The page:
Thus the peaceful poet and prospective king is launched precipitously into a vagabond existence pursued by an enemy whose ferocity and determination is seen in the horrible massacre at Nob.  How quickly life had changed for him.  One minute he was a privileged figure in the king’s court, given the king’s own daughter to be his wife and extolled by the singing women of the land as the  great deliverer.  Now all has changed.

Let us take stock.  In the midst of present difficulties, he has one who is none other than the king’s son who is the lover of his soul.  The prophet Gad came from Samuel’s school to guide him  in the way and lo, here comes Abiathar the priest. More are joining his band so it could be worse and before it’s over it will be, but we know what lies ahead for him, don’t we and so we can say, “cheer up, David, the best is yet to come!”

Here sing –Jesus Lover of My Soul by Charles Wesley.      



I Samuel 23:16                       David’s Hand Strengthened in God


In spite of the disloyalty to David of the Keilahites it is obvious that Jehovah was intent on delivering them from the harassment of the Philistines.  David could have easily dismissed their plight as being deserved for he probably suspected their affinity for Saul’s cause, at it later proved.  Yet God had brought David back to Judah perhaps for the very purpose of aiding these ungrateful citizens over which David would one day be king and even now felt a responsibility to assist in their distress.

This is a great chapter for those believers who have need of guidance for we see in the quick and clear responses to David’s plea the indication that our Father would often have us know His certain will.  The commentator Adam Clarke believes that Abiather arrived in David’s camp as the story begins rather than later as it would seem from verse six and the reason is that he brought with him the ephod which all authorities agree involved the Urim and Thummim.  If it were not present when David first asked for guidance in verses two and four we would wonder how God would have conveyed such specific answers.  We see the ephod being utilized later in verses nine through twelve and while we do not know exactly how it worked, it is evident both here and on other occasions that very specific guidance was obtained through its consultation.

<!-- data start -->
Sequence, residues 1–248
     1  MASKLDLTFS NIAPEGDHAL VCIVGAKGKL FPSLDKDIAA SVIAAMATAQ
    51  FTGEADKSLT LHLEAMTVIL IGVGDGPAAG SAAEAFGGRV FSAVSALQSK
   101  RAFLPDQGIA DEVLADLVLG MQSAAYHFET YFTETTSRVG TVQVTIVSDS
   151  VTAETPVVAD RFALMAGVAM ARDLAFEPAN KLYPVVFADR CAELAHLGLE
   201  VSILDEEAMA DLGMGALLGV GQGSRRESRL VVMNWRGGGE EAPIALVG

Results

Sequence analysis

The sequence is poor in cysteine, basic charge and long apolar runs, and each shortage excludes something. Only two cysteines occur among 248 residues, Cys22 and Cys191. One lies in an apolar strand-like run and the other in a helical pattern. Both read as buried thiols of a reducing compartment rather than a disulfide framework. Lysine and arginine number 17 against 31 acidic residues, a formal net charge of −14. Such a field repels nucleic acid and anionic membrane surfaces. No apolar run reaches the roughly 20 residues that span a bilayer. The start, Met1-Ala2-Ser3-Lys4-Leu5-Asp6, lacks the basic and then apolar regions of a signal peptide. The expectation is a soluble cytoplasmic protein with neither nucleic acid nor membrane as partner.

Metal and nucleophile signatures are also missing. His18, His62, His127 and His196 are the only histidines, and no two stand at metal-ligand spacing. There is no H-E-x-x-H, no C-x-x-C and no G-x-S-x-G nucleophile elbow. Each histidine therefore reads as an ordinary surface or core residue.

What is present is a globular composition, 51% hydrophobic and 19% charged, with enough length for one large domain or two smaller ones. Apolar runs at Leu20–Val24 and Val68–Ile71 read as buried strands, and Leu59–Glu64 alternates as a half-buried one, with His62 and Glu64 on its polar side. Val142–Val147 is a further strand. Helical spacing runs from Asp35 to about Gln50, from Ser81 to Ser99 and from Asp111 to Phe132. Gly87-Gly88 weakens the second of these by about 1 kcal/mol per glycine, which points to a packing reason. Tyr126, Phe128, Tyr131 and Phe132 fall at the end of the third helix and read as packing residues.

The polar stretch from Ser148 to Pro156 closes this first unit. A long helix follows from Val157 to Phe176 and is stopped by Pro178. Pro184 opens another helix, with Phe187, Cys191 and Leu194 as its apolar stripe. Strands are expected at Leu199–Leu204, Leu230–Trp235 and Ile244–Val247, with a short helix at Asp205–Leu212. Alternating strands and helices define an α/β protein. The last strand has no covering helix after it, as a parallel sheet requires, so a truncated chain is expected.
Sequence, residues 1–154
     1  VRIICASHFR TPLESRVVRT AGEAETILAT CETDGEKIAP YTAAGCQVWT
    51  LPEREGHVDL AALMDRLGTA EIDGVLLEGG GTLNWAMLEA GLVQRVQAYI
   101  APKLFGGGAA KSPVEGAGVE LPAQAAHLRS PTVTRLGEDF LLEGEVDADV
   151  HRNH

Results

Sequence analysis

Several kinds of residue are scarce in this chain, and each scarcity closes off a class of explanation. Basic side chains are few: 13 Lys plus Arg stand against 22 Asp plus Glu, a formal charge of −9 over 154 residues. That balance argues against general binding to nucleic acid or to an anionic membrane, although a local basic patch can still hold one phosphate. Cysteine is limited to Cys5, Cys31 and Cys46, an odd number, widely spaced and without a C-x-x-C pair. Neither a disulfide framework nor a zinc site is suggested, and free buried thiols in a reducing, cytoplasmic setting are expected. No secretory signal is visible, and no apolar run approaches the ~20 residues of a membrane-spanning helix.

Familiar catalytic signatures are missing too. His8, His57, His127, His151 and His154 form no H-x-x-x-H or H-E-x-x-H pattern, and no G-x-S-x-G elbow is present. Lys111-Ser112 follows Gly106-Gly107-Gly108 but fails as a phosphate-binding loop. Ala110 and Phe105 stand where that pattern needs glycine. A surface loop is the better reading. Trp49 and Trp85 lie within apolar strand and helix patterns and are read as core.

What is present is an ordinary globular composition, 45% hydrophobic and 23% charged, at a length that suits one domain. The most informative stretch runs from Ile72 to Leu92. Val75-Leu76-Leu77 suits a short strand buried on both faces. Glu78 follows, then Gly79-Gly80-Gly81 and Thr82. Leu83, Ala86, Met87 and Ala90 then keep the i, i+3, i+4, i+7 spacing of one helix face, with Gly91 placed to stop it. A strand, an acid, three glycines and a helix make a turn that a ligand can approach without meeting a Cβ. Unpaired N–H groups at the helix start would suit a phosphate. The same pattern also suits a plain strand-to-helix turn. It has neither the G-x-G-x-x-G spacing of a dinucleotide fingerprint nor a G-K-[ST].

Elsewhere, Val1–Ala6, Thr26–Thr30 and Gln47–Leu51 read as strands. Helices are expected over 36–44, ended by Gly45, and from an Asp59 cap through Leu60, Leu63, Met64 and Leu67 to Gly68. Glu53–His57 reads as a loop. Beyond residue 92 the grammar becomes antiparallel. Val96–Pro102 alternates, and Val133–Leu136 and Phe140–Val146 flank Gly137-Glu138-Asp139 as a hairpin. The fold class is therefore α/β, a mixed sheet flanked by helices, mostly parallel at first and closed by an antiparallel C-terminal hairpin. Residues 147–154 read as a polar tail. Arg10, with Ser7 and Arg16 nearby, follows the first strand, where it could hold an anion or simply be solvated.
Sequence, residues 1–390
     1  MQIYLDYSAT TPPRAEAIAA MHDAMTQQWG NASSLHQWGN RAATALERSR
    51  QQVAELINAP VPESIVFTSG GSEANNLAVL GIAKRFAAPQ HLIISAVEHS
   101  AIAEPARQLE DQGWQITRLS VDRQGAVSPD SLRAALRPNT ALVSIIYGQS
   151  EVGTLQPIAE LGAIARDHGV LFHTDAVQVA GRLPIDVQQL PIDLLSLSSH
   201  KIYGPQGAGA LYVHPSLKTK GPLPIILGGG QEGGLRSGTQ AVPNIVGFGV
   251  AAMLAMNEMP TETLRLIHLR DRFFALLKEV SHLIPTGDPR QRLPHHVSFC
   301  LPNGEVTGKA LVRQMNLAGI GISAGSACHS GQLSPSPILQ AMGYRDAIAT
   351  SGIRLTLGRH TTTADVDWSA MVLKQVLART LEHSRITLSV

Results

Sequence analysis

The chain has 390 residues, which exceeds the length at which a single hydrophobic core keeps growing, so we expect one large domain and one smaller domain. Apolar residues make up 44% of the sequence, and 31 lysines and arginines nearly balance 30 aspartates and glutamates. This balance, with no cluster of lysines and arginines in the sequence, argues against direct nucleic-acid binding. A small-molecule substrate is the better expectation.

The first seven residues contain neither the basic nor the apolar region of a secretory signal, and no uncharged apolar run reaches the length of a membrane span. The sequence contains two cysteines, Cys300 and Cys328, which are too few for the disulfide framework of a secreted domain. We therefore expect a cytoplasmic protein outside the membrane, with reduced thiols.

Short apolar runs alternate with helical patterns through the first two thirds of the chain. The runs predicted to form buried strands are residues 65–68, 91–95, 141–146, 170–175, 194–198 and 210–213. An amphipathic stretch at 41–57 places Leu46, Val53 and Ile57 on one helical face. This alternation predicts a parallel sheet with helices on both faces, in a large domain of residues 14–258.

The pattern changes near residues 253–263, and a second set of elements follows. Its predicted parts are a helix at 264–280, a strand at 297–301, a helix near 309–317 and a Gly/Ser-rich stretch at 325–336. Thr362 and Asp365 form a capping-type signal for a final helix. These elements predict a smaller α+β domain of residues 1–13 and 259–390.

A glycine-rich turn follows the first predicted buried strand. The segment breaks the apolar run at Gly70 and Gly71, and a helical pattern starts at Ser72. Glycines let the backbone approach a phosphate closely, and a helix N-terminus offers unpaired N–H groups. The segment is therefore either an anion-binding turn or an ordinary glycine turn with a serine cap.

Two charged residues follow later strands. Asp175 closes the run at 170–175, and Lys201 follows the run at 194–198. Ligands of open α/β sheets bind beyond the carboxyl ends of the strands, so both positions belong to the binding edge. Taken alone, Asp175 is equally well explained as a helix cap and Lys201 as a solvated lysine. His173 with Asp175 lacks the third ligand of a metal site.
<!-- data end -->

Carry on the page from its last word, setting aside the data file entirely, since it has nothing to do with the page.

When David thus depended wholly on the LORD, how wonderfully He took care of him.  He won the victory at Keilah, he captured lots of cattle which must have helped him feed his 600 men, he was delivered several times out of Saul’s hands, he had a great meeting with his friend Jonathan which “strengthened his hand in God” and he was providentially on the other side of the Rock of Division from Saul’s army when the news of the threat from the Philistines recalled the army to its base.

It was David who penned God’s promise “I will instruct thee and teach thee in the way which thou shalt go: I will guide thee with mine eye” (Psalm 32:8).



I Samuel 24:6                             “The Anointed of the LORD”


The honor David had for Saul in spite of all the latter did to try him is a great lesson for us.  Saul was the king of the land and until God, Who had made him so, Himself removed him, David was not about to take matters in his own hands.  His unusual magnanimity in this case provides a wonderful example.

Providentially Saul chose to rest in the very cave where David and his men were sequestered.  Of course his men thought certainly that this was the moment David was waiting for and that God had arranged for him to be avenged of his adversary.  David drew his sword, swinging it skillfully toward his arch enemy but instead of his usual dead eye accuracy he missed, to the surprise of his men who were close enough to observe, or so they must have thought.  But no, as he later explained it was a deliberate stroke but though it fell short of regicide was regretted almost as much and the symbolism of the raised sword struck deeply into the loyal heart of the young prevenient king.